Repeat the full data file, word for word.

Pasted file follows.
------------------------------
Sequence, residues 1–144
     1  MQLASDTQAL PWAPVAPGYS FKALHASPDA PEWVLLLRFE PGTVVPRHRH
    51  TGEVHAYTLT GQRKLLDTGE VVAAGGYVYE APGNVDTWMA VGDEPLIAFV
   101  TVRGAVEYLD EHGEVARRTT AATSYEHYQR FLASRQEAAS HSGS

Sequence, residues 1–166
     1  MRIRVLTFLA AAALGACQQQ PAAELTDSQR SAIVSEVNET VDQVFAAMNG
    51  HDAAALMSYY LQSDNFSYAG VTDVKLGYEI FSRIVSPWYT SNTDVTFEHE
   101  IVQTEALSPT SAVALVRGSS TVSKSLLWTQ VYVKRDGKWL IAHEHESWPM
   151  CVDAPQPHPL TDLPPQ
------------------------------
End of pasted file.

Sequence, residues 1–144
     1  MQLASDTQAL PWAPVAPGYS FKALHASPDA PEWVLLLRFE PGTVVPRHRH
    51  TGEVHAYTLT GQRKLLDTGE VVAAGGYVYE APGNVDTWMA VGDEPLIAFV
   101  TVRGAVEYLD EHGEVARRTT AATSYEHYQR FLASRQEAAS HSGS

Sequence, residues 1–166
     1  MRIRVLTFLA AAALGACQQQ PAAELTDSQR SAIVSEVNET VDQVFAAMNG
    51  HDAAALMSYY LQSDNFSYAG VTDVKLGYEI FSRIVSPWYT SNTDVTFEHE
   101  IVQTEALSPT SAVALVRGSS TVSKSLLWTQ VYVKRDGKWL IAHEHESWPM
   151  CVDAPQPHPL TDLPPQ